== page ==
WASHINGTON — The Food and Drug Administration is warning women of child-bearing age that the epilepsy drug Topamax can increase the risk of birth defects around the mouth.
Regulators said yesterday that data collected from a registry of pregnant women showed a higher rate of cleft lip and cleft palate in babies whose mothers were taking the drug during the first trimester.
Infants who were exposed to the drug had a 1.4 percent rate of mouth defects, which was more than three times greater than that seen with other seizure medications. The frequency of the defects in mothers not taking any epilepsy medication is .07 percent.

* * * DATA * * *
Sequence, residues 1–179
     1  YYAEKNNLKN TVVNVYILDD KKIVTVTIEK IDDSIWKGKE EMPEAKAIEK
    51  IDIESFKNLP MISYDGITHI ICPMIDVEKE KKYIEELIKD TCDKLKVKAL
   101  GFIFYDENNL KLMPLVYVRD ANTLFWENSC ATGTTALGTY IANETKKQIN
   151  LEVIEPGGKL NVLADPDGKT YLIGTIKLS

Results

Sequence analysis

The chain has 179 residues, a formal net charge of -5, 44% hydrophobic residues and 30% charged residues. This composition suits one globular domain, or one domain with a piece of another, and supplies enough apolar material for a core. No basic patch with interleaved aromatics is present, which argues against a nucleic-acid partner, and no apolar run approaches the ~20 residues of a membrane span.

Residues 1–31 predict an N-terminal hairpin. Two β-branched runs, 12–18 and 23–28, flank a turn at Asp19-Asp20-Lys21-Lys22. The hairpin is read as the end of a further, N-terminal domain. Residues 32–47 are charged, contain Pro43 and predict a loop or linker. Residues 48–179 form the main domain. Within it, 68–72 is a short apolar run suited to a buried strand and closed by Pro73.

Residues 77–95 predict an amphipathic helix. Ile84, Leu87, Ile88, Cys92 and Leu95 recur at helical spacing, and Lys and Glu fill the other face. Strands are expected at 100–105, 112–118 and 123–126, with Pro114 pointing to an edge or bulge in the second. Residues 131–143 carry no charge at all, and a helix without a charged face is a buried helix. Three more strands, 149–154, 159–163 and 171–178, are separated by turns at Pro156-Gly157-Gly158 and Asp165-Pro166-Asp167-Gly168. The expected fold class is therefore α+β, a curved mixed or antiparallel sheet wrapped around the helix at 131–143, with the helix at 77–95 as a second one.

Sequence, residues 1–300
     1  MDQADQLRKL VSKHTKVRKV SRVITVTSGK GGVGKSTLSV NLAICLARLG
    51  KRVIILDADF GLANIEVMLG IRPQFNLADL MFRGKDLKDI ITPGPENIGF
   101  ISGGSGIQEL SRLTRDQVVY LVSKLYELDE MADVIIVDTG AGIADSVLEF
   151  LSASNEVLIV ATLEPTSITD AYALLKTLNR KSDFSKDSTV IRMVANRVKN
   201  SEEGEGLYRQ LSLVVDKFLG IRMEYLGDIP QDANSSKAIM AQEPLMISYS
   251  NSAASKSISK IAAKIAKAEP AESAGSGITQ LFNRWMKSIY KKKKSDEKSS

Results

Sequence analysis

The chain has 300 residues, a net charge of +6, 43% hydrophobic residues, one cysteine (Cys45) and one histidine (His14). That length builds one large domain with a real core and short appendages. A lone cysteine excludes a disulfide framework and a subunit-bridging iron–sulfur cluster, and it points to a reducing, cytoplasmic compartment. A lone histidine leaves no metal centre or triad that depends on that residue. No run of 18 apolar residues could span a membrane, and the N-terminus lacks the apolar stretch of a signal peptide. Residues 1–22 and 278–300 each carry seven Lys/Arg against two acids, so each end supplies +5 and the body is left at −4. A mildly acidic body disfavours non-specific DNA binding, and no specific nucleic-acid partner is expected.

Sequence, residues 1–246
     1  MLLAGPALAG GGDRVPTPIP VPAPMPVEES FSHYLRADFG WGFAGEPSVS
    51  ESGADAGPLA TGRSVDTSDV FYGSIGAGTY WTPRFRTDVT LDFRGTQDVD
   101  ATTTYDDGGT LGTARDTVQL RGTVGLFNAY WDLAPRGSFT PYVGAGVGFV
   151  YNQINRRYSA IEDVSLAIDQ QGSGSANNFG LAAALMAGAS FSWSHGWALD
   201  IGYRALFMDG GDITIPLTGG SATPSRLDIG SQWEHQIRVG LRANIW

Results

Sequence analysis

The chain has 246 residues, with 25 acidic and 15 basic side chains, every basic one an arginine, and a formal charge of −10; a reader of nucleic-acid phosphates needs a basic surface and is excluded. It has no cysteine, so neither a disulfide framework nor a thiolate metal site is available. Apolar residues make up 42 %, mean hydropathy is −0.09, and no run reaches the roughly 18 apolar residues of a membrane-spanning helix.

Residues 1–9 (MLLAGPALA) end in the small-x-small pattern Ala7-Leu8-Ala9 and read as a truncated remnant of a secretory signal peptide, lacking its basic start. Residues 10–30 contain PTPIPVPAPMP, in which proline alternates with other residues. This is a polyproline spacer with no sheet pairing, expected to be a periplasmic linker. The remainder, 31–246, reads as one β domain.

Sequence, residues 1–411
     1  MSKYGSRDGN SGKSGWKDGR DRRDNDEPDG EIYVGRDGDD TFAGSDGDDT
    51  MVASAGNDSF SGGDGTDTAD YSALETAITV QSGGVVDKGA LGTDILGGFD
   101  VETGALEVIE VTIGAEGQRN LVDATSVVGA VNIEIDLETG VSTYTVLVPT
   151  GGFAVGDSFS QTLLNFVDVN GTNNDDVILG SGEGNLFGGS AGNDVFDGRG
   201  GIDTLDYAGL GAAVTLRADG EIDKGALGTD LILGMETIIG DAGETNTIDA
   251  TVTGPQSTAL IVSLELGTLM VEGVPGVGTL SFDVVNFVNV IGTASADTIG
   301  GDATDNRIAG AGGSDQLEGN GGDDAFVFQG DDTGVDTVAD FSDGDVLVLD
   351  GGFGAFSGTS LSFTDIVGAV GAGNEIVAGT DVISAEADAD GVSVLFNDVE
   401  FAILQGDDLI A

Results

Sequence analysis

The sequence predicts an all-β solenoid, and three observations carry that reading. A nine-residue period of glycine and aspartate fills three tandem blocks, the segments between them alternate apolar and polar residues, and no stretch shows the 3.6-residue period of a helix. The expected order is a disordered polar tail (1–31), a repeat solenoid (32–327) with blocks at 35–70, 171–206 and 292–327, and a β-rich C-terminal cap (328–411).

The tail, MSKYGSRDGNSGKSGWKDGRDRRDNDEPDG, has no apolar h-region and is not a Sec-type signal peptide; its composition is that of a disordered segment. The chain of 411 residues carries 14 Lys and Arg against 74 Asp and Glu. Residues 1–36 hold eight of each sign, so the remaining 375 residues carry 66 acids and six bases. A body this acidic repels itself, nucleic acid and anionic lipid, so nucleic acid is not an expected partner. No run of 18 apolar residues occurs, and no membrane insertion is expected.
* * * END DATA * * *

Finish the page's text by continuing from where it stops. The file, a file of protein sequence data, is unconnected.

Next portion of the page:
“Health care professionals should carefully consider the benefits and risks of topiramate when prescribing it to women of child-bearing age,’’ said Dr. Russell Katz, director of the FDA’s division of neurology products. “Alternative medications that have a lower risk of birth defects should be considered.’’
The FDA raised the drug’s pregnancy category to D, which means there is evidence the drug can harm a human fetus, but there are situations where the drug’s benefits to the mother could outweigh its risks.